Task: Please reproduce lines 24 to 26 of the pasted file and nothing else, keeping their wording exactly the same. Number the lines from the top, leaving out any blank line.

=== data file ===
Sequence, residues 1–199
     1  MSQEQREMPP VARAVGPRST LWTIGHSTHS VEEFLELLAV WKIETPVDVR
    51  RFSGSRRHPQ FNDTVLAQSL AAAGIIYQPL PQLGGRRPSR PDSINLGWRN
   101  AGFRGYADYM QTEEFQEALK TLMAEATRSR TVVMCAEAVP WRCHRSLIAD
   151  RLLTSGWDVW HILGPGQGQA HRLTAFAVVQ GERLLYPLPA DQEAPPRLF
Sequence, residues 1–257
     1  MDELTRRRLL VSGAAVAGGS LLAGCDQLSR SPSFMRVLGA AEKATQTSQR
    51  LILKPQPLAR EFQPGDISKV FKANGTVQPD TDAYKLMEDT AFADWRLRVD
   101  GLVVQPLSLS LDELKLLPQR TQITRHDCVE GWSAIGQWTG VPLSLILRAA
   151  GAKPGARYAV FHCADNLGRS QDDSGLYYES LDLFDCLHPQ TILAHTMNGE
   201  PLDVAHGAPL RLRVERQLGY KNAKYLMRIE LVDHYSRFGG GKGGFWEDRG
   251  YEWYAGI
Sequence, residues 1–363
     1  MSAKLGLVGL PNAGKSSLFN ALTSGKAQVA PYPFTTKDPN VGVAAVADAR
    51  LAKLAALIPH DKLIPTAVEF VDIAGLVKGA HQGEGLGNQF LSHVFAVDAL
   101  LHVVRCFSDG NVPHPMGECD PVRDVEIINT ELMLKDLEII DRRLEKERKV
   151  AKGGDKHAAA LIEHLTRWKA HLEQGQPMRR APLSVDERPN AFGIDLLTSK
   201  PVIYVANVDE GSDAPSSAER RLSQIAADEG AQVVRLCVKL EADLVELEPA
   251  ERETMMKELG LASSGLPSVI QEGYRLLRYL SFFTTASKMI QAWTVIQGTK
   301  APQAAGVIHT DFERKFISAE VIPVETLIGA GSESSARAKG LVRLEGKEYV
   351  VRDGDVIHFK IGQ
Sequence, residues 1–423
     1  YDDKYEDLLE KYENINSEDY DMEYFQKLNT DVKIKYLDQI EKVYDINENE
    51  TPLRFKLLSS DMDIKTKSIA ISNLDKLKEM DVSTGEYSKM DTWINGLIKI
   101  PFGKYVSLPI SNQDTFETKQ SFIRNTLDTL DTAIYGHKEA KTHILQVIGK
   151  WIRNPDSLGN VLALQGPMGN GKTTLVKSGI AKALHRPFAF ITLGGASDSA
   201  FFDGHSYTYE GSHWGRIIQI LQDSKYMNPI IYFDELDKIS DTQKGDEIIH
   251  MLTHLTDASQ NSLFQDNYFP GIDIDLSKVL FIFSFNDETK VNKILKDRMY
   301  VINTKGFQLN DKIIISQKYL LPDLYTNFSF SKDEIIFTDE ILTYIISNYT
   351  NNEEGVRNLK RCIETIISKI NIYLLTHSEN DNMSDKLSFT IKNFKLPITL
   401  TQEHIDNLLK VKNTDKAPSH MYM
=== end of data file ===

    51  TPLRFKLLSS DMDIKTKSIA ISNLDKLKEM DVSTGEYSKM DTWINGLIKI
   101  PFGKYVSLPI SNQDTFETKQ SFIRNTLDTL DTAIYGHKEA KTHILQVIGK
   151  WIRNPDSLGN VLALQGPMGN GKTTLVKSGI AKALHRPFAF ITLGGASDSA